[FONT=&quot]“After we had been back on Pavuvu about a week, I had one of the most heartwarming and rewarding experiences of my entire enlistment in the Marine Corps. It was after taps, all the flambeaus were out, and all my tent mates were in their sacks with mosquito nets in place. We were all very tired, still trying to unwind from the tension and ordeal of Peleliu.

    [/FONT]
    [FONT=&quot]All was quiet except for someone who had begun snoring softly when one of those men, a Gloucester veteran who had been wounded on Peleliu, said in steady measured tones, “you know something, Sledgehammer?”

    [/FONT]
    [FONT=&quot]“What?” I answered.

    [/FONT]
    [FONT=&quot]“I kinda had my doubts about you,” he continued, “and how you’d act when we got into combat, and the stuff hit the fan. I mean, your ole man being a doctor and you havin’ been to college and being sort of a rich kid compared to some guys. But I kept my eye on you on Peleliu, and by God you did OK; you did OK.”

    [/FONT]
    [FONT=&quot]“Thanks ole buddy,” I replied, nearly bursting with pride. Many men were decorated with medals they richly earned for their brave actions in combat, medals to wear on their blouses for everyone to see. I was never awarded an individual decoration, but the simple, sincere personal remarks of approval by my veteran comrade that night after Peleliu were like a medal to me. I have carried them in my heart with great pride and satisfaction ever since.”
    [/FONT]

    [FONT=&quot]I highly recommend “With the Old Breed”. You’ll never forget it.[/FONT]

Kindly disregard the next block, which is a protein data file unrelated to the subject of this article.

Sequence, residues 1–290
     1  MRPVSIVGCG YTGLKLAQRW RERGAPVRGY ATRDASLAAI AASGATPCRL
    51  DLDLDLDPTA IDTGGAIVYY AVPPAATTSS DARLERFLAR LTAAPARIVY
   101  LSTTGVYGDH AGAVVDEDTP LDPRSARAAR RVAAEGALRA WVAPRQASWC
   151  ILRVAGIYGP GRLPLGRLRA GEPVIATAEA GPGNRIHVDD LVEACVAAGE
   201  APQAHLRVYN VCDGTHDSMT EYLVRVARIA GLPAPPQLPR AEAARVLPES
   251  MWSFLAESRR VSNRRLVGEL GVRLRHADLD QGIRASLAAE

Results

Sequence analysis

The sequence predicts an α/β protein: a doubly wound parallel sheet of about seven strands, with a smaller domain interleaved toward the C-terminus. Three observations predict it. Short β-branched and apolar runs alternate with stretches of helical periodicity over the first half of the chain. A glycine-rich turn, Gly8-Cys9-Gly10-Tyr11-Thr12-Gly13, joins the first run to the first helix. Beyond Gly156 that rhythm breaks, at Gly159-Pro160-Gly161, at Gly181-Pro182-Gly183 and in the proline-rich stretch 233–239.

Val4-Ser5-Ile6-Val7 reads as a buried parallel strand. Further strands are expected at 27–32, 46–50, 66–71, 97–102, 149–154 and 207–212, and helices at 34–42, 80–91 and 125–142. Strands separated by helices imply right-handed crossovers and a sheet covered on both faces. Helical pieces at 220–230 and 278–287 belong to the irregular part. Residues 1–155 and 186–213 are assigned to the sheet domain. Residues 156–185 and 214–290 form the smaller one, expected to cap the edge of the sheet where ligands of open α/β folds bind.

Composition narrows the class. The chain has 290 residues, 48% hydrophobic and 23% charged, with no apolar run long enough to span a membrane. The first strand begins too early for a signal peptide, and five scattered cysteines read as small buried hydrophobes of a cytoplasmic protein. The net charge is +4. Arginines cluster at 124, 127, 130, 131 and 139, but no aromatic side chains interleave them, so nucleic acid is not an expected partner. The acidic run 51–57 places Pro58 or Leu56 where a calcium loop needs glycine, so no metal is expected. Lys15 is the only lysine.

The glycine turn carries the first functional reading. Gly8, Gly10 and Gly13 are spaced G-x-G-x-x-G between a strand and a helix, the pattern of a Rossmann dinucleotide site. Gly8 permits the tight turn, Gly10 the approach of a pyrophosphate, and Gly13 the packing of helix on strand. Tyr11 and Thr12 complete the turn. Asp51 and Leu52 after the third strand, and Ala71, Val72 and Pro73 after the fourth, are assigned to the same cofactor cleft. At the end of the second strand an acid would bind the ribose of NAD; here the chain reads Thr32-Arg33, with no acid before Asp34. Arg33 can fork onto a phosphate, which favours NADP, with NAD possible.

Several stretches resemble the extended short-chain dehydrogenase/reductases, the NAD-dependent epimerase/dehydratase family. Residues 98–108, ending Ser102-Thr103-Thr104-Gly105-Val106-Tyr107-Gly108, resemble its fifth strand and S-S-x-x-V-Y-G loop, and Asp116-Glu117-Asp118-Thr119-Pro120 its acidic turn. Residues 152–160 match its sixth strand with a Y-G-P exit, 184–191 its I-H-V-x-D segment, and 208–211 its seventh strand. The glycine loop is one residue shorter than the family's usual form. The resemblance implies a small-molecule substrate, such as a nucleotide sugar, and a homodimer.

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  2. USMCPrice

    USMCPrice Idiot at Large

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    Yep, Sledge's book is outstanding. Highly recommended to anyone interested in the war in the Pacific. I bought it when it first came out years ago when I was in the Marines. A chance encounter in a Waldensbooks bookstore in Panama City 2 years ago got me to dig it out and read it again. It was as good that time as originally. Now with the HBO miniseries "The Pacific", based partially on Sledge's book, I'll have to read it again.
    The chance encounter:
    I was in Waldensbooks, in Panama City Florida, looking for some reading material on the Marines in WWII. There was a little old man, kinda confused looking, standing next to me. I asked if I could help him find anything. He said he was looking for a book put out by the History Channel, he couldn't remember the name but he was interviewed in it. I asked him if he was a WWII vet. He said yes, he was a machinegunner in the 1st Marine Division. I said really, I spent some time as a machinegunner in the 1st Marine Division, with 5th Marines. I said, my uncle Charle served as a machinegunner in the 1st Marine Division at Chosin Reservoir. He said something about how those Marines had really upheld the traditions. I said check this out and pulled down this big book, "The Marines" by the Marine Corps Heritage Foundation and handed it to him. I said open the book to page 79 and you'll see his picture, he did.
    This is the picture:
    [​IMG]